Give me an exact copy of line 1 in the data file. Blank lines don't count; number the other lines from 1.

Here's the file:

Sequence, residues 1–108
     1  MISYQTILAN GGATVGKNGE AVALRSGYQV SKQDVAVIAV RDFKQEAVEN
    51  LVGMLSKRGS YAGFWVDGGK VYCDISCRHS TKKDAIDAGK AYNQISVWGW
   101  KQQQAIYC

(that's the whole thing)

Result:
Sequence, residues 1–108